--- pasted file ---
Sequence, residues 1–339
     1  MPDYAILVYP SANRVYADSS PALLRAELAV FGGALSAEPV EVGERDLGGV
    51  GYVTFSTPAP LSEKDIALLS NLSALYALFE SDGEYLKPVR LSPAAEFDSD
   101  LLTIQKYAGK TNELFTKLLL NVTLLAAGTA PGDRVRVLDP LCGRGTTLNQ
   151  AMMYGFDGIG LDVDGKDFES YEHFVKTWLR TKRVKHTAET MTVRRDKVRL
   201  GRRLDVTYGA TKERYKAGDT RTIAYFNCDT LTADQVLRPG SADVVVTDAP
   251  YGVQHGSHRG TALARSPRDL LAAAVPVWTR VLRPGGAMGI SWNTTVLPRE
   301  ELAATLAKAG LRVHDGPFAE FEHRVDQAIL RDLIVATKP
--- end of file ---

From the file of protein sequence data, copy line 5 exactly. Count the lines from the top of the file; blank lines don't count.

   151  AMMYGFDGIG LDVDGKDFES YEHFVKTWLR TKRVKHTAET MTVRRDKVRL